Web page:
The American Sublime

Eleanor Wilner

/, Issue 00, Poetry/The American Sublime
The American Sublime 2017-08-29T18:15:58+00:00

Project Description

The American Sublime: Robert Penn Warren

High in the mountain pass, tucked in a crevice
of stone, the eagle’s nest throbs
with its naked young, open-mouthed and crying
to be fed. The eagle soars, the voice
of the wind in the highest pines
doesn’t whine; it sounds,
to a human ear, like sobbing.

Old man, we say you’re too rhetorical and
too sublime, as if an eagle when it spread
wide wings and rode the cold wind
down the mountain pass, its great yellow eye
wide open, could be other than it is.

Below, deep in the years, a boy
and his husky, Sila, a ruin of stonework,
a blank sheet of snow: there
for the billionth time since the earth
begat, and the cells moved in their unknowing,
mindful way toward flesh and fur, the dog
leaped at the doe’s throat and the snow
blossomed red as a bridal
sheet—the doe torn, the dog
docile again, stained crimson
on its silver muzzle, confused
by the pain on its master’s face, himself
armed for the kill. And you, that boy
grown old, the taste of blood
still fresh from the knife that cut short
the death throes of the deer, the blood still
warm on the blade after so many years, unable
to make it right, to make it fit without
the bite of the saw-wheel, tooth on tooth, turning
as the planet turns, the sun staining the sky
with red, the snow falling again
in useless white denial.

                                                    We, who say the word
ecology as if it were God, accuse you
of the orator’s sin, you
who looked long and long into the cold
blue eyes of the husky and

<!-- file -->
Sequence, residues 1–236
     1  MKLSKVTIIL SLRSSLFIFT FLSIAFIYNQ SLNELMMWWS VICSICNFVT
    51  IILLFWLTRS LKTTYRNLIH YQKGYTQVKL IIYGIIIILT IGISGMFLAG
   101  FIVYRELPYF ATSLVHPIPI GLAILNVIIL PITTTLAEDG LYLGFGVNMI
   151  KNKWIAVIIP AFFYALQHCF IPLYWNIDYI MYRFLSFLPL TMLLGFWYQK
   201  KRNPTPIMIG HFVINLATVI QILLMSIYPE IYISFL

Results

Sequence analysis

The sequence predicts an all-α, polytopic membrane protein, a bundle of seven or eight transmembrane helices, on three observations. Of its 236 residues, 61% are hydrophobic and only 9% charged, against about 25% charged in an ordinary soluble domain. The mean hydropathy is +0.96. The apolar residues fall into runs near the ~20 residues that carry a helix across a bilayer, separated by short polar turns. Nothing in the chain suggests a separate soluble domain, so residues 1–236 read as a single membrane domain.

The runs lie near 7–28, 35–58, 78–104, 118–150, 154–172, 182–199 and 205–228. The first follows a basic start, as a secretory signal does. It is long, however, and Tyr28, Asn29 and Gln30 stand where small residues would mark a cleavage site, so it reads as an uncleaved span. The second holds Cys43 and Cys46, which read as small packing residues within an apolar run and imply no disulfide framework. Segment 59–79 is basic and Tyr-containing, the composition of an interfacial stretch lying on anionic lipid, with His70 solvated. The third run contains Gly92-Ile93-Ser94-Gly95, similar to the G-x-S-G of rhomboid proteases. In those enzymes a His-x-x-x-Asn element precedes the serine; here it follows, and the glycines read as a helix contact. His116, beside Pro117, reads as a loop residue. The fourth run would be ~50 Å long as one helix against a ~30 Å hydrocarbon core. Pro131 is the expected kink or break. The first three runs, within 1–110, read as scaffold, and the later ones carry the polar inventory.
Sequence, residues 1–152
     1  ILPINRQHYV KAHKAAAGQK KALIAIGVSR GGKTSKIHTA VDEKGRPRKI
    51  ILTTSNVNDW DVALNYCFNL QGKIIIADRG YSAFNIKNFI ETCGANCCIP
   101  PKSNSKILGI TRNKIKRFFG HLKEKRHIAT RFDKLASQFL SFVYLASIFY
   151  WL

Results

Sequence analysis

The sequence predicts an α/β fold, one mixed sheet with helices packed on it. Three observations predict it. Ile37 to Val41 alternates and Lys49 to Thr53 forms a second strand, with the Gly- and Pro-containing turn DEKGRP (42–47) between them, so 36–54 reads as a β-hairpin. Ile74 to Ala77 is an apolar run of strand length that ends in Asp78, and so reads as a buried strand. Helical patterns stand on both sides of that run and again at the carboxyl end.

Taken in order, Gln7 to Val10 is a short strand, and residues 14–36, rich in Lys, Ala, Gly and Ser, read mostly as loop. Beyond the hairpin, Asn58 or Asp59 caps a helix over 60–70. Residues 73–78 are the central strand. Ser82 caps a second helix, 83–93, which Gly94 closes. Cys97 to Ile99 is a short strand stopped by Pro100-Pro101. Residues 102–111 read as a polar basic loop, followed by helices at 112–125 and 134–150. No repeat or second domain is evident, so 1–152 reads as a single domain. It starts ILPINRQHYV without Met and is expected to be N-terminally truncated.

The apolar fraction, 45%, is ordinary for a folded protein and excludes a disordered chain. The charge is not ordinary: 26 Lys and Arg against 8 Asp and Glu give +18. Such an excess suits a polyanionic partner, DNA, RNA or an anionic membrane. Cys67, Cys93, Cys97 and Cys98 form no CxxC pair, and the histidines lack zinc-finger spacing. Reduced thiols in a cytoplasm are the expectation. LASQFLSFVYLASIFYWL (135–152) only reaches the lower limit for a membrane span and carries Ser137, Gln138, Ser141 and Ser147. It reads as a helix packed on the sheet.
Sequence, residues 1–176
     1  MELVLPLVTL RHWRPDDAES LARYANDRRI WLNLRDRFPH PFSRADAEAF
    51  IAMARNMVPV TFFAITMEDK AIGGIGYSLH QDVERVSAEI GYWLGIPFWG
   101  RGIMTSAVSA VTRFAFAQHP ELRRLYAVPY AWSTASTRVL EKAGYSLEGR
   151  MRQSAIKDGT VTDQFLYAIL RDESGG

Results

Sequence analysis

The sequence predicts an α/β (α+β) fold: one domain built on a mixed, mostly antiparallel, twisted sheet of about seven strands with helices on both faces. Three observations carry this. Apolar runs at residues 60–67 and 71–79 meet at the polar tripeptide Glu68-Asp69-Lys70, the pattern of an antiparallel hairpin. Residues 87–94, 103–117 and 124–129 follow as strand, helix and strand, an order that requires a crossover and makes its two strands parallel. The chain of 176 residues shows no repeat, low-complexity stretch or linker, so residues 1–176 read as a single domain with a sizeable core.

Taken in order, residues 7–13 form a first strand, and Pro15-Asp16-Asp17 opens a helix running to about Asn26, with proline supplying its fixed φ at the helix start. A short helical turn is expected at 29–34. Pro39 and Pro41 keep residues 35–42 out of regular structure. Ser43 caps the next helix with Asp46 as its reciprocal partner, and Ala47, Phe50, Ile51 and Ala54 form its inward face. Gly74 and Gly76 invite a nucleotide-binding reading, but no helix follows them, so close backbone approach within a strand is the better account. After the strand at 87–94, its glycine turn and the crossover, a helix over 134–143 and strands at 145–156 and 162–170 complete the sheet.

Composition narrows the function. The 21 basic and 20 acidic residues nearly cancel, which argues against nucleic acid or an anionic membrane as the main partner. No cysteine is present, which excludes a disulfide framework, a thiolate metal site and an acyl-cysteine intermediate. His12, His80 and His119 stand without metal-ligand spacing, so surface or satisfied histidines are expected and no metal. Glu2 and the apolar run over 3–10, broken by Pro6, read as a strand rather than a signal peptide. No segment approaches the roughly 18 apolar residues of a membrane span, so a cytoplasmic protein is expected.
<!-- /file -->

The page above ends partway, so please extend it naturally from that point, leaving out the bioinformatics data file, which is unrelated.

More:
the warm brown eyes of the doe—
wept, and cried out… what words
without the rhetorical sweep
like the wide-open wings of the eagle
riding the cold current at the top of the pass
could do it justice, this world
without justice or help
for the heart, beating
like the helpless young in their nest
crying for the sky-driven beak, seeing, at last,
the great bird coming like love
down over them, bringing death in its beak
to comfort them, and the huge darkness
of itself, like love, for cover
against the cold galactic night.

Eleanor Wilner

Eleanor Wilner was born in 1937 in Ohio. She earned a BA from Goucher College and a PhD from Johns Hopkins University. Active in civil rights and peace movements, Wilner is known for writing poetry that engages politics, culture, history, and myth. Wilner typically avoids poetry that focuses on the self, preferring instead to work from what she has described as “cultural memory.” In an interview, Wilner stated that she “saw the ways in which collective vision always began with a communal crisis and an individual who, in essence, dreamed for the community. This is what I think a poet does, and I think our culture has made us shallow and dreamless by inculcating the myth that the individual is defined and set apart by his or her own personal experience.”

Writing in Poetry, Christian Wiman commented, “Thought occurs in her poems, and her poems have definite subjects, not infrequently the sort of big-game themes that wreck lesser writers: war, environmental degradation, justice, sexism.” Wiman continued, “it is a relief to come across work in which a moral intelligence is matched by aesthetic refinement, in which the craft of the poems is equal to their concerns.” Wilner has received numerous awards and honors for her work, including the Juniper Prize, two Pushcart Prizes, and fellowships from the National Endowment for the Arts and the MacArthur Foundation.

—Poem from Reversing the Spell: New and Selected Poems, Copper Canyon Press, 1998

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